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Vol. 61. Issue 6.
Pages 658-659 (June 2008)
Vol. 61. Issue 6.
Pages 658-659 (June 2008)
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Aortic Aneurysm in Alagille Syndrome
Aneurisma aórtico en el síndrome de Alagille
Edmundo Molinero-Herguedasa, Tomás Labrador-Fustera, Miguel Ríos-Lázarob, Jorge Carmaniú-Tobalc
a Servicio de Cardiología, Hospital de Alcañiz, Alcañiz, Teruel, Spain
b Medicina Familiar y Comunitaria, Centro de Salud Andorra, Andorra, Teruel, Spain
c Medicina Familiar y Comunitaria, Centro de Salud de Alcañiz, Alcañiz, Teruel, Spain
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To the Editor:

Alagille Syndrome (AS) is a multisystemic genetic disorder, inherited through an dominant autosomal feature of variable expression. In 70% of cases, the causal gene is JAG 1, located in chromosome 20.1

Clinically, it appears with intermittent episodes of cholestasis that start in the neonatal period and are due to the absence of intrahepatic biliary ducts. Malformations associated with the syndrome include a peculiar phenotype, defects of the vertebral arches (butterfly-like vertebral defects), ocular anomalies (posterior embryotoxon) and cardiovascular anomalies. Of the latter, the most characteristic is the pulmonary artery condition that causes different degrees of subpulmonary stenosis.2

We present the case of a man aged 17 years diagnosed with AS who was referred for reexamination of a cardiopathy rejected in his infancy. The patient was completely asymptomatic. Physical examination revealed a mild protosystolic murmur over the left sternal border. The electrocardiogram showed no abnormalities of interest. Transthoracic echocardiography revealed a discrete dilatation of the ascending aorta from the root, of 42 mm in diameter (23 mm/m2) at the level of the Valsalva sinus. We identified mild aortic regurgitation over the apparently-functional tricuspid valve. Ventricular function was conserved and the rest of the study (valve and pulmonary artery) showed no abnormalities. Given these findings, we completed the examination with cardiac and major vessel resonance that revealed aortic dilatation limited to the lower thirds and half of the ascending aorta, where the aorta was 43 mm in diameter (24 mm/m2). At the level of the aortic arch and descending aorta, aortic caliber was normal (Figure 1).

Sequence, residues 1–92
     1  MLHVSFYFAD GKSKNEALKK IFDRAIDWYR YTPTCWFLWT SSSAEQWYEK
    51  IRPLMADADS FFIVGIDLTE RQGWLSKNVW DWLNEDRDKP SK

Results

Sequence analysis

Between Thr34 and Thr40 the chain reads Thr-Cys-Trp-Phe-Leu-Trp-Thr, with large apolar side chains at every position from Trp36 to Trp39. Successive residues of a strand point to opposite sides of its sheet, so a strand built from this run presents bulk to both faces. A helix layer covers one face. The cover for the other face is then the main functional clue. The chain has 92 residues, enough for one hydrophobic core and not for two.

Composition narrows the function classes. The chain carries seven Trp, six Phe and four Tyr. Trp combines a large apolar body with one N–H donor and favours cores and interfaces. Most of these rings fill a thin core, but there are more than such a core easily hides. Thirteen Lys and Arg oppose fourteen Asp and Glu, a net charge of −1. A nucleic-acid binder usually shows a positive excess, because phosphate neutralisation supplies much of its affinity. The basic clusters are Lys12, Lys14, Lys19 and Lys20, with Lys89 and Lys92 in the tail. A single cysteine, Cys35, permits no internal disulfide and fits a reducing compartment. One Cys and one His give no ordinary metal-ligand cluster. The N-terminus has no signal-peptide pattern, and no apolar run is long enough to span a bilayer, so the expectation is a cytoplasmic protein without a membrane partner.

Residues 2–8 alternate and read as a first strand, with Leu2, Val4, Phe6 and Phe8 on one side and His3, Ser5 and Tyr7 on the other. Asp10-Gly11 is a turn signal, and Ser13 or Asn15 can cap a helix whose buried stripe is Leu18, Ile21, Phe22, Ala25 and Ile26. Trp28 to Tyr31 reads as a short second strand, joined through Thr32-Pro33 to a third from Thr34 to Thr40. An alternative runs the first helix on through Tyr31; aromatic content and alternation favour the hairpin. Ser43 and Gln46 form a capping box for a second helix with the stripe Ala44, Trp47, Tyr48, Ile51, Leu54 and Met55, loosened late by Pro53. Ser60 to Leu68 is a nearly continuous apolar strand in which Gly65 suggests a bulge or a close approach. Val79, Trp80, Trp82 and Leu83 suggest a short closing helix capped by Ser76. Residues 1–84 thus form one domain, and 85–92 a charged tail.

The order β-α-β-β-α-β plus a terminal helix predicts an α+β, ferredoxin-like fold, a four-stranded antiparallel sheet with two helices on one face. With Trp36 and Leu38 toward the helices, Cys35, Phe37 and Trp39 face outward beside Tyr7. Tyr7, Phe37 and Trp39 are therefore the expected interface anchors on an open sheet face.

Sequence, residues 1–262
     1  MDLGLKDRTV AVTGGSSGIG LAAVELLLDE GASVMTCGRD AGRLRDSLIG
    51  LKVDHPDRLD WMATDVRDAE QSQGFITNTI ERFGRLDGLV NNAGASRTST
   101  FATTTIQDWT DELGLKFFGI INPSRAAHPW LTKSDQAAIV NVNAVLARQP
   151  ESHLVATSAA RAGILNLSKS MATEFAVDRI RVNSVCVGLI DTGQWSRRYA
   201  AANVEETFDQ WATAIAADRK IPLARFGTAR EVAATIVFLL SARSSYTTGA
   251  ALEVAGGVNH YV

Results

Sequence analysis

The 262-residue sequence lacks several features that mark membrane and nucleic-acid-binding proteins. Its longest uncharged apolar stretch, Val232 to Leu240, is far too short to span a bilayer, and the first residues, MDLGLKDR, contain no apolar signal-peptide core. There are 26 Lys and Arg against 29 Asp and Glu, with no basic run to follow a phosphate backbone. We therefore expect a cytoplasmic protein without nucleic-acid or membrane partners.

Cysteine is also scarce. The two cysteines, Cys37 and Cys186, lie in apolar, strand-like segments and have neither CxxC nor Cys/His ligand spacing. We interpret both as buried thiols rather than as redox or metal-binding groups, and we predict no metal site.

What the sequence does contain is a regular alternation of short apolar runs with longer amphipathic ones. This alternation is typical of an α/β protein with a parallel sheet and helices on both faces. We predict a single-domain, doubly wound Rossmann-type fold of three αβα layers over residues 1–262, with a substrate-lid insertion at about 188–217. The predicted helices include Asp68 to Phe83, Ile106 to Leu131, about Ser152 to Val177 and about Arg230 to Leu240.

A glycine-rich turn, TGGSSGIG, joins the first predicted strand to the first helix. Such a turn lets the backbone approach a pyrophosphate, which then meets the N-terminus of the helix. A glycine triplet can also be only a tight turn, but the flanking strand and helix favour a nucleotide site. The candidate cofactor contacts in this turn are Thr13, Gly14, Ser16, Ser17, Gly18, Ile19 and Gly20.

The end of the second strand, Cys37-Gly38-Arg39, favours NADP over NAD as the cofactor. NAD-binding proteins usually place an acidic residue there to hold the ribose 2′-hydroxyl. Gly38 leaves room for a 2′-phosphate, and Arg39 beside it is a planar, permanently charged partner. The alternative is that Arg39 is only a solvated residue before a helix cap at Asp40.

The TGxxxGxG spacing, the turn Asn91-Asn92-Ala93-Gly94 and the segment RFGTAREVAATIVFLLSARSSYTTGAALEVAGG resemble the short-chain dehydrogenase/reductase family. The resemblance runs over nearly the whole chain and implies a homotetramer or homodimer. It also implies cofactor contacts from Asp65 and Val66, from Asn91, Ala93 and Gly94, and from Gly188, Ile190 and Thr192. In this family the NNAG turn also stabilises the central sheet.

Figure 1. Cardiovascular resonance sagittal slice: the aortic aneurysm is visible in the inferior third and half of the ascending aorta.

We hypothesize that an abnormal vascular formation may be involved in the principal mechanism of AS.3 The most extensive published review retrospectively studied 269 patients with AS and put prevalence of noncardiac vascular disease at 9%. Its presence has been associated with adverse prognosis. In the aforementioned series, 34% of patients who died presented some cardiovascular disease.4 The type and location of malformations reported elsewhere vary greatly: cerebral vascular anomalies,5,6 carotid aneurysm, hepatic venous system alterations8 and vasculorrenal disease9 have been described. The aortic condition has been described as descending aorta coarctation.10 Our patient is the first example of AS with a thoracic aorta aneurysm in a live patient that has been published. Previously this has only been described as an autopsy finding in three patients who died of sudden death.4

Due to our ignorance of its natural history, the most adequate therapeutic strategy has not been established. Bearing in mind that the only cases published were not diagnosed and that these patients were victims of sudden death, in order to indicate for surgery a reasonable attitude would be to apply criteria similar to those for connective tissue illnesses, entities with which AS apparently shares certain similarities.

In our patient, due to the size of the aneurysm, we decided on a wait-and-see policy with strict clinical and imaging control in order to consider a surgical intervention when there was evidence of significant growth.

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Revista Española de Cardiología (English Edition)

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